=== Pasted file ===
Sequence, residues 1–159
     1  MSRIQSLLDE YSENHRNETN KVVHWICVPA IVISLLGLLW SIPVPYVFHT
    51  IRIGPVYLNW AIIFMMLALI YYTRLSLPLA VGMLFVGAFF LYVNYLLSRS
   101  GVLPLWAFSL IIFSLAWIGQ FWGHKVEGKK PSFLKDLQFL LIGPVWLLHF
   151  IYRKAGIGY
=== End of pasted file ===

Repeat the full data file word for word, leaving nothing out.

Sequence, residues 1–159
     1  MSRIQSLLDE YSENHRNETN KVVHWICVPA IVISLLGLLW SIPVPYVFHT
    51  IRIGPVYLNW AIIFMMLALI YYTRLSLPLA VGMLFVGAFF LYVNYLLSRS
   101  GVLPLWAFSL IIFSLAWIGQ FWGHKVEGKK PSFLKDLQFL LIGPVWLLHF
   151  IYRKAGIGY